Tuesday, February 21, 2012

The university Bayh-Dole has built, in two short sentences

People have been expressing concern about the effects of the Bayh-Dole Act on universities and scholarship for a long time

but it’s rare to see them summed up so succinctly, and by a champion of this system, no less. Roy Poses at the Health Care Renewal Blog quotes from a Wall Street Journal interview with an academic administrator, listing the various logical fallacies proffered by the interviewee in defending conflicts of interest in academe.
The interviewer asked:
What do you tell professors who won't work with drug or biotech companies?
The response was:
I think that's a huge mistake. If you're a professor now, and you want to get your discovery to society, you either need to start a company or work with a company to commercialize a product.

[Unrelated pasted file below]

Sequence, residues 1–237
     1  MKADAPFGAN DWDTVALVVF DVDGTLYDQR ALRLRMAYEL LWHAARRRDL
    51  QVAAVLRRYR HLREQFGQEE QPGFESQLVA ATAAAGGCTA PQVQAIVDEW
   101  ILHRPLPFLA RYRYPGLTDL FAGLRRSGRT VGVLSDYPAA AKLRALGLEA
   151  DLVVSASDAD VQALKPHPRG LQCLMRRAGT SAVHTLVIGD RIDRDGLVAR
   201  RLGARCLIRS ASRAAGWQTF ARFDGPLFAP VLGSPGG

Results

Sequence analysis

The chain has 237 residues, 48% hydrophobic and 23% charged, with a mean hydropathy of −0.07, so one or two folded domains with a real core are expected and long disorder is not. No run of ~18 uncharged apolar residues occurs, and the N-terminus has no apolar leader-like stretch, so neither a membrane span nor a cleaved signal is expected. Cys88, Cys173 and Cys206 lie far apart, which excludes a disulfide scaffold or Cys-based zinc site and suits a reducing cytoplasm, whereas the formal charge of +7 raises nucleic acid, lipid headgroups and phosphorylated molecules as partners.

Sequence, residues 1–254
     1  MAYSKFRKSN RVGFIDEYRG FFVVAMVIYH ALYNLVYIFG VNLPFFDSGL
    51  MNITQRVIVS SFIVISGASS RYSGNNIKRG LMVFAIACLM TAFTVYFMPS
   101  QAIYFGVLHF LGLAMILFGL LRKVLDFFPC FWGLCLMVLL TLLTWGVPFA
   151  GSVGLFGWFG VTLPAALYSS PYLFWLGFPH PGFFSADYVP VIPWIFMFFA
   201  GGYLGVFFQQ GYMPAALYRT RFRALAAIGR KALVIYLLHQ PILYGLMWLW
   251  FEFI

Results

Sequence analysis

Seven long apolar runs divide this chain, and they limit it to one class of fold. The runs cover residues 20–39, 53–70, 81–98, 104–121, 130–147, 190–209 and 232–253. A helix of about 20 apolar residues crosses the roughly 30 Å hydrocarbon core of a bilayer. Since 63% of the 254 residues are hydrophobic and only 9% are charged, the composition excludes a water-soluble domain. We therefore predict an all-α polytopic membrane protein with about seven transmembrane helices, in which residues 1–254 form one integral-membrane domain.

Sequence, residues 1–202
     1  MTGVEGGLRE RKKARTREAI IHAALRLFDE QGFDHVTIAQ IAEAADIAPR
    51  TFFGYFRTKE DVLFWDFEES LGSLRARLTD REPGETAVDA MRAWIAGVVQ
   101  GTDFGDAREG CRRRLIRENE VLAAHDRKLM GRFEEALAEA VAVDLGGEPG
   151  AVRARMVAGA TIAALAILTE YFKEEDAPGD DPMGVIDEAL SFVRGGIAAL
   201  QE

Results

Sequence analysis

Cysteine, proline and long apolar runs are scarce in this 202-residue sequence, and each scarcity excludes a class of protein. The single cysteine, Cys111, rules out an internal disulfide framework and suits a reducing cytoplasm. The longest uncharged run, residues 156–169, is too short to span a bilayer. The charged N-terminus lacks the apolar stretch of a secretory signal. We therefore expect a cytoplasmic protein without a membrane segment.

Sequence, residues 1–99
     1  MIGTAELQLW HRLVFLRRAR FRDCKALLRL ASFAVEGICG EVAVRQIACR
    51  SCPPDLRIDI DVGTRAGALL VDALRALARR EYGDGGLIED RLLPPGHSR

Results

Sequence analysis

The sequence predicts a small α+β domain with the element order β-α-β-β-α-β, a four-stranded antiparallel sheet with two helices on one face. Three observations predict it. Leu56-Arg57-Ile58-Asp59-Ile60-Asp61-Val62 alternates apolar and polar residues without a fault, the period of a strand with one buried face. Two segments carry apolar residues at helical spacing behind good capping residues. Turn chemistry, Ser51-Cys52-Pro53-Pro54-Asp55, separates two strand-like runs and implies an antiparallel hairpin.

As Poses rightly responds:
Of course, in the "good old days," academic researchers got their "discoveries to society" simply by publishing them. Developing and marketing products based on their discoveries, while worthwhile undertakings in their own rights, were not considered part of the academic mission. Professors could still do this, if their goal was not to get rich. Yet the Bayh-Dole act allowed academic institutions to make money from their professors' discoveries, and the rush to commercialize the university has been on ever since. So while professors and academic institutions who are motivated mainly by money might not consider just putting the knowledge they discover in the public domain, that course remains possible, just not so lucrative.
We have a system in which professors and university researchers are encouraged to see themselves not as scientists, scholars, or educators entrusted with the production and dissemination of knowledge for the public good, but as entrepreneurs selling their knowledge-products to customers (who in many cases have funded with their tax dollars the development of the products they’re expected to buy).

The interviewee is Susan Desmond-Hellmann, Chancellor of the University of California, San Francisco, a public university, and former president of product development at Genentech. She’s not an outlier. Hers is merely the plainest expression of a general transformation.

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